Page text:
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Retailers held back by outdated and rigid “digital set up” – and staff hate it, study shows

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Almost half (44%) of UK retail staff say the biggest frustration in the industry is using outdated technology and a lack of training – and they are leaving the industry as a result of stores being ‘too rigid’.

According to a survey of more than 500 retail workers by IT consultancy and technology firm REPL Group, almost half (46%) of those surveyed believe that stores managing their workforce more efficiently would improve their job satisfaction, while 70% feel more flexibility on pricing to match online competitors and more accurate forecasting would result in higher levels of instore engagement.

According to 18% of respondents, their job satisfaction would be enhanced by having access to a customer’s purchase history when they walk into the store.

“We are finding that a large number of retailers are being held back by their existing digital set-up,” commented Mike Callender, executive chairman, REPL Group. “These retailers must invest in new technology to address the concerns expressed by retail workers and avoid being left behind. By deploying up-to-date instore technology, including POS upgrades, retailers will be able to overcome customer service frustrations by allowing its employees to easily place orders and check stock from the shop floor.”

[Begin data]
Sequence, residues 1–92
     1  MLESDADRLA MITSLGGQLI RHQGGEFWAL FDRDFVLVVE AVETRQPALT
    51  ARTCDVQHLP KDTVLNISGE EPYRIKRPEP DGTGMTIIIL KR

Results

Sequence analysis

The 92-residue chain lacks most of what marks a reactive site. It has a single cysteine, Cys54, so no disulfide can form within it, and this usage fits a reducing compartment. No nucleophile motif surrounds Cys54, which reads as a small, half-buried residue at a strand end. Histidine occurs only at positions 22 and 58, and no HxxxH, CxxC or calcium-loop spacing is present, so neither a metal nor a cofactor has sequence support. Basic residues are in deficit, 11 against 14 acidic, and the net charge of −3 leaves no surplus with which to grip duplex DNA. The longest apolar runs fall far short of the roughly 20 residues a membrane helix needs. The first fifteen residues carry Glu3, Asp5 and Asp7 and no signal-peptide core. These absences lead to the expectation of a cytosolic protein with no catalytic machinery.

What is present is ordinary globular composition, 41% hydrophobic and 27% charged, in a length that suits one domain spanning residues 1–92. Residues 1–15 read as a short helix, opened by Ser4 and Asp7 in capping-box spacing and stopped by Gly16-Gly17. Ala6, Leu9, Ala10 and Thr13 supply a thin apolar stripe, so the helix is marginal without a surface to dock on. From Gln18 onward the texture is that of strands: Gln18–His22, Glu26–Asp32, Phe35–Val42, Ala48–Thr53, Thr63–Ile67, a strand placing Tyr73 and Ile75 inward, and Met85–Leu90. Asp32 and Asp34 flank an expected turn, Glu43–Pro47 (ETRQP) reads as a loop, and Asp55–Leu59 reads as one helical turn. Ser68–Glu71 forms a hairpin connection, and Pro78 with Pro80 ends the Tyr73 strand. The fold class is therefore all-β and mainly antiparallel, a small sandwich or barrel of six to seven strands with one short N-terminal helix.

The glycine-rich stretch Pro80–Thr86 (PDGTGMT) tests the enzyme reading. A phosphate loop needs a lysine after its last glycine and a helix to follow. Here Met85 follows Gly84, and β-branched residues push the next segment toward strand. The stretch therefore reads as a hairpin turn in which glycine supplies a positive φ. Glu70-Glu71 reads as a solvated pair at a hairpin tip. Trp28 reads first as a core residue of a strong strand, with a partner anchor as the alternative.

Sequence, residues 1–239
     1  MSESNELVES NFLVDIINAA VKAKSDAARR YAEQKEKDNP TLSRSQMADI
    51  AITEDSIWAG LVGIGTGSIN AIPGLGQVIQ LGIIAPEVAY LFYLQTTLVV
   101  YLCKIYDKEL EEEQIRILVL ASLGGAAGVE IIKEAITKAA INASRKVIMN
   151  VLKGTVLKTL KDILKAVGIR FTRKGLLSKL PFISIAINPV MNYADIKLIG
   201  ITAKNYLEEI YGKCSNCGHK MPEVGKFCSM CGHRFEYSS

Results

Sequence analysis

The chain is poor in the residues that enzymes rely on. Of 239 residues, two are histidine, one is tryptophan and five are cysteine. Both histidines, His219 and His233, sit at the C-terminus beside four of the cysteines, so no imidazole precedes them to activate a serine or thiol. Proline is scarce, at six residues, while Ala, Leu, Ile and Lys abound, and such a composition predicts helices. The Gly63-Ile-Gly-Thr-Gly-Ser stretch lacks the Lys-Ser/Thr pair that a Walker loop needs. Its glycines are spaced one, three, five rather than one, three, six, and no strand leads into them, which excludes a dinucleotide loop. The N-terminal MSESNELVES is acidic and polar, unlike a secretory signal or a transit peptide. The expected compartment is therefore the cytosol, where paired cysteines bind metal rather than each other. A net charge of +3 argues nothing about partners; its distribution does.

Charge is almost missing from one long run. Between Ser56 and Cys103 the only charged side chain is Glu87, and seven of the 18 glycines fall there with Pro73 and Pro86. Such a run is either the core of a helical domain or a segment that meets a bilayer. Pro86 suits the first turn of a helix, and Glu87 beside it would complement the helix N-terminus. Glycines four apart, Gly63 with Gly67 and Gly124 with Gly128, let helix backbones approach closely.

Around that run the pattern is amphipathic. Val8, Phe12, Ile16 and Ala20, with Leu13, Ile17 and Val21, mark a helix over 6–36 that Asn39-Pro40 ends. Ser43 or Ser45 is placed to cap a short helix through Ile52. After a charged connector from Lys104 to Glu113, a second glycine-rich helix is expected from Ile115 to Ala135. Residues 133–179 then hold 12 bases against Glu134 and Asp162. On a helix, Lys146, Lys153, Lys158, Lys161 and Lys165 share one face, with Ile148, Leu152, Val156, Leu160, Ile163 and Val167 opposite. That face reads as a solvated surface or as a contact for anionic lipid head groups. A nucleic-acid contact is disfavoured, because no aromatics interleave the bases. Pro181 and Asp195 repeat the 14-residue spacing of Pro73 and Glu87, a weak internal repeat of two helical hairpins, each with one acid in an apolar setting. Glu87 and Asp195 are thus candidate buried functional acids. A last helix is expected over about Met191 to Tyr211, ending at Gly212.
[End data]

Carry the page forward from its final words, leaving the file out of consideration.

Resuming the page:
Callender continues: “It is vital that retailers address these shortfalls in workforce management and forecasting by upgrading their current systems. By adopting new AI technology, retailers can gain access to more granular insights and simplify calculating forecasts and demand,”

The study also found that more than three-quarters (76%) of retail workers say that their store has been left unprepared for spikes in demand of certain products, particularly in the lead up to major games during this summer’s World Cup and periods of extremely hot weather. 

“From the poll, we can also see that the majority of retail workers believe the high street is currently too rigid and lacks the flexibility in pricing offered by online shopping. Sadly, this could be the high street’s downfall, unless store owners act on the observations of those working on the shop floor and provide them with the correct tools to overcome these issues, perform their roles effectively and offer a better level of customer service,” added Callender. 

Job insecurity due to high street closures was found to be a major concern for 22% of retail workers, while 15% said that customers coming into store for advice only to then buy the item online is their biggest frustration.

Image: Carphone Warehouse

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